by Heidi Hess Saxton
I’ll be honest. Tonight felt like a big, fat fail in the parenting department. I’ll spare you the details (or perhaps it’s me I’m sparing), but at one point I looked into the snarky face of one of my children and thought: “I don’t know if I can hold on another day.” Then I made the horrific mistake of opening my mouth and telling her exactly what I thought of her and her behavior.
My mother was sitting in the next room, and there is no way she could have missed what was happening. But she didn’t say a word. All through dinner she was quiet. Then I took the kids to youth group (“Yes, you DO still have to go even though you are 18, young man”) and came back just in time to hear of another complication that will be re-entering my life in two weeks. And my arm was throbbing like someone had set it on fire even after icing and heating it.
I made my way downstairs to put mom to bed and read to her. When we finished our devotional read, I asked her if there was anything she wanted to pray for. Her reply was immediate and simple: “I’d like to pray for you.”
My eyes were full of tears before she said the first word. I was a little afraid, truth be told, because there was no hiding the fact that I had been short, mean, and cranky all day except for the hour or so mom and I spent in the Japanese garden in Mishawaka, IN, and the hour I spent unconscious in my room afterwards. But you’d never know it as I heard the words fall from her lips, kind and gentle like rainfall.
“Lord, thank you for my daughter. Thank her for everything she has done for me, and how hard she works every day. Help her to listen to her body, and to be gentle with herself. Help her to know how much she is loved. Help us both to know which way to go in the days ahead, so we will be doing just what you want us to do.”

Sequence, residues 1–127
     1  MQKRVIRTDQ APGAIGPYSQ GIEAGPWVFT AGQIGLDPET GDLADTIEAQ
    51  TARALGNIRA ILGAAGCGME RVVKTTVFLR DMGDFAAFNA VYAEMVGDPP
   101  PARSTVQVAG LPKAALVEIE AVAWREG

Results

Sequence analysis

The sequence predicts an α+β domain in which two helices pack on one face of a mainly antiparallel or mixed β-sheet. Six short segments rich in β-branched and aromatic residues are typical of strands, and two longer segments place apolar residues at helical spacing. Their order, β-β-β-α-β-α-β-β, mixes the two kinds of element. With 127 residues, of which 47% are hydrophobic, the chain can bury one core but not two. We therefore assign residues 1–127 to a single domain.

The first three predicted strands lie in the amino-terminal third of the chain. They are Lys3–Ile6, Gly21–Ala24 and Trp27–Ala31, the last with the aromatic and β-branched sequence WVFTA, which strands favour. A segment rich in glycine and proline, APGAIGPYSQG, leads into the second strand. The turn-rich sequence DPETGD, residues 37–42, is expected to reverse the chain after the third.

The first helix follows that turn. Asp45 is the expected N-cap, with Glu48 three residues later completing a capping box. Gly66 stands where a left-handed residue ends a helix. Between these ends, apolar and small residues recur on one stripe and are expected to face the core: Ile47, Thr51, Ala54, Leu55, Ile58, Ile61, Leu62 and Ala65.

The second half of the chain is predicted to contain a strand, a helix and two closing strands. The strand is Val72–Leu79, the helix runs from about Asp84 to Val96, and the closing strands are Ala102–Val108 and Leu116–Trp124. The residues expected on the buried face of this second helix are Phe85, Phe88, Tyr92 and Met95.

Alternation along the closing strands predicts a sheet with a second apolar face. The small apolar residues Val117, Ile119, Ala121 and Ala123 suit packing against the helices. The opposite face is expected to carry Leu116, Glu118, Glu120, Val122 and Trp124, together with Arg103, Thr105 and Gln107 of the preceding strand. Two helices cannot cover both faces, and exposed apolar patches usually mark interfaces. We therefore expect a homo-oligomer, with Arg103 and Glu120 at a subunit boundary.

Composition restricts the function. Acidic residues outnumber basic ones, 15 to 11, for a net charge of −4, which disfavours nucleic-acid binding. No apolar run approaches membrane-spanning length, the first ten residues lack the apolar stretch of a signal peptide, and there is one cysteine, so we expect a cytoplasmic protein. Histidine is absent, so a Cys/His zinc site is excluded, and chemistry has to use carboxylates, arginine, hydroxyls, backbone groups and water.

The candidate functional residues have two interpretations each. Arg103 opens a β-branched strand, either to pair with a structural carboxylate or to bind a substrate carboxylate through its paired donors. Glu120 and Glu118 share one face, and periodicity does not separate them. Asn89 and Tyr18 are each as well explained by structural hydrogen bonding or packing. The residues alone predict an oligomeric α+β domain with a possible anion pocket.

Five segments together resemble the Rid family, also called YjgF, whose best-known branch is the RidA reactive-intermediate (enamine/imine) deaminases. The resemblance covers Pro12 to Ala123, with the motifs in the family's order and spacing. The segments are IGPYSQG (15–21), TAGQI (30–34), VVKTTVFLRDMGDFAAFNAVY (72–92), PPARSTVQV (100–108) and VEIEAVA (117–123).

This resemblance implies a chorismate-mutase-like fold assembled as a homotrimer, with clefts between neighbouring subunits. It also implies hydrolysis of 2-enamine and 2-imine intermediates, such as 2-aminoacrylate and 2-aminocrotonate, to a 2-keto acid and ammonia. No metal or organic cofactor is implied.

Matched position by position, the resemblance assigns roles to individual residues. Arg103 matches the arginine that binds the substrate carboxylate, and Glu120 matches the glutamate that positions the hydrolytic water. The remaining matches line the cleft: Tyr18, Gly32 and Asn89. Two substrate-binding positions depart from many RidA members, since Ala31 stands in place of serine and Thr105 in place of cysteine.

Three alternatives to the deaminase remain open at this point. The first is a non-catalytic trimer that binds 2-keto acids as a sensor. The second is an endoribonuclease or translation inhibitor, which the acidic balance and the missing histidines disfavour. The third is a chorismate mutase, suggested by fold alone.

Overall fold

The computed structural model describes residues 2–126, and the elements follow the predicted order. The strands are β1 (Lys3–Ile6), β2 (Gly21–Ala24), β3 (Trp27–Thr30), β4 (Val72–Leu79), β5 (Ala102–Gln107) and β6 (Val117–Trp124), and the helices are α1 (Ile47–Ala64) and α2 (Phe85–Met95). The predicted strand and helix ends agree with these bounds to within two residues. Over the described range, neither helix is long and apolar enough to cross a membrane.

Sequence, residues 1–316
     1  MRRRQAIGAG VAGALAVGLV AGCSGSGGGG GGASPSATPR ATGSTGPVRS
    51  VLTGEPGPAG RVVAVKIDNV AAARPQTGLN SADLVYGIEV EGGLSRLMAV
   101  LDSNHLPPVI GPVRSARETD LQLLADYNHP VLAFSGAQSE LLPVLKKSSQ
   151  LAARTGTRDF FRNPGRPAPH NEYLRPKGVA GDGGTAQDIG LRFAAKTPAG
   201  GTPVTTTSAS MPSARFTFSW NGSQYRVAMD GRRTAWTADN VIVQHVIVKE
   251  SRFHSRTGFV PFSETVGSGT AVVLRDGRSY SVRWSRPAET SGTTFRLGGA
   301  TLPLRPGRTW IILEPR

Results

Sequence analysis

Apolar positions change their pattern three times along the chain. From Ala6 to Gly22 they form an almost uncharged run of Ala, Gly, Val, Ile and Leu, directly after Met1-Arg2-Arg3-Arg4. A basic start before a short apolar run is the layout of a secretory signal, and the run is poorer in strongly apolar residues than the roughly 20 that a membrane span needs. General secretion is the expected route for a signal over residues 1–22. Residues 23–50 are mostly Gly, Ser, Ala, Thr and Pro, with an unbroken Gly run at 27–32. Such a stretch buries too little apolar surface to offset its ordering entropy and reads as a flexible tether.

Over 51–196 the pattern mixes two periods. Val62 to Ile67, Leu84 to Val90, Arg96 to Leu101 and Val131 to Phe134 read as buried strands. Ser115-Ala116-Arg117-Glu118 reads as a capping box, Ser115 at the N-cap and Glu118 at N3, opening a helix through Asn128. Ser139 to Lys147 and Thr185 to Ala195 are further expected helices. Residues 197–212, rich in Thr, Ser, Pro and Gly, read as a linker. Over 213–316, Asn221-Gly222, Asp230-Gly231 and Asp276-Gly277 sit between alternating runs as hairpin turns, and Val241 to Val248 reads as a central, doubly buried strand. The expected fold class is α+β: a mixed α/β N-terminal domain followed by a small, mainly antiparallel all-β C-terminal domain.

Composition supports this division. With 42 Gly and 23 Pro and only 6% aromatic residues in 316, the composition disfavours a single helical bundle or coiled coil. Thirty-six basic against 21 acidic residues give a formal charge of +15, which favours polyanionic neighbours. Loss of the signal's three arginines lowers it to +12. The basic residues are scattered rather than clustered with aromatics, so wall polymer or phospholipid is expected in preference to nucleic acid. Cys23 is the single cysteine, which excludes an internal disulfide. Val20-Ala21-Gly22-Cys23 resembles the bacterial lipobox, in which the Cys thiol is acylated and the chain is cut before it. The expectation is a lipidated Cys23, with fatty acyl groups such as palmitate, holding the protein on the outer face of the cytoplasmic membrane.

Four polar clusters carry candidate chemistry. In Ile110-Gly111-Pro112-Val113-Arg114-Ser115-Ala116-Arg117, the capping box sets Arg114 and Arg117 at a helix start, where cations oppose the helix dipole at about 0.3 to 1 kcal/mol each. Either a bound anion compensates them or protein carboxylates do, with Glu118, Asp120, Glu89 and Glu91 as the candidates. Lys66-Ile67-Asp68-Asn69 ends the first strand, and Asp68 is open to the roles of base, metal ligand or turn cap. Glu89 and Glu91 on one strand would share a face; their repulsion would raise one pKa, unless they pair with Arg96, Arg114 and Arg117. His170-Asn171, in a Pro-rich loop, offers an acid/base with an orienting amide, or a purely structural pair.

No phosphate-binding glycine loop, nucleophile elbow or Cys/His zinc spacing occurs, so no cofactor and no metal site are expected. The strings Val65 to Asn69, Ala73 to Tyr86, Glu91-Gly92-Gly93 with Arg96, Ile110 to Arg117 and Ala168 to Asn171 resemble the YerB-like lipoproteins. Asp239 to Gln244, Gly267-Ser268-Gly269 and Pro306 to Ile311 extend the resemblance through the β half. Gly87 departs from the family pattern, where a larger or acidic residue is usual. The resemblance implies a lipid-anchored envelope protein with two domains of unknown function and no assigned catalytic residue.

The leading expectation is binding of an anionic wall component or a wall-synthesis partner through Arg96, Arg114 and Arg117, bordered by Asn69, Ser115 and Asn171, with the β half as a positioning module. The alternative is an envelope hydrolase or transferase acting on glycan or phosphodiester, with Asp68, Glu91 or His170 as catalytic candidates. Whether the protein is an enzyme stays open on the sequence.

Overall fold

It’s been a long time since someone prayed for me like that. It kind of took my breath away. And suddenly I saw myself as my mother sees me — someone who is just doing her best with the hand she has. And someone who wants to do the right thing.
Later, as I sat there thinking about her prayer, I realized that this is probably what my daughter needs from me, too. Someone who will be gentle and kind. Someone who knows she is just doing her best. And so, I began, “Lord Jesus, thank you for my daughter….”
Heidi Hess Saxton is an author and acquisitions editor. She lives in northern Indiana with her husband, their two special-needs teenagers, and (most recently) Heidi’s Mom. She enjoys old movies, new books and adventures (next month she spends a week in Rwanda) and blogging over at “Life on the Road Less Traveled.”